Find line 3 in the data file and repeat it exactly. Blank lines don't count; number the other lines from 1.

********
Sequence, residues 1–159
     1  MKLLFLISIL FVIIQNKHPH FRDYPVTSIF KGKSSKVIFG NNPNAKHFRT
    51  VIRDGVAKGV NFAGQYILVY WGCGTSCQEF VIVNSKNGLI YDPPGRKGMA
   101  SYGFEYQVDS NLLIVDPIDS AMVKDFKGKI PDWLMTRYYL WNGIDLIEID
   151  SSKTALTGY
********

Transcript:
    51  VIRDGVAKGV NFAGQYILVY WGCGTSCQEF VIVNSKNGLI YDPPGRKGMA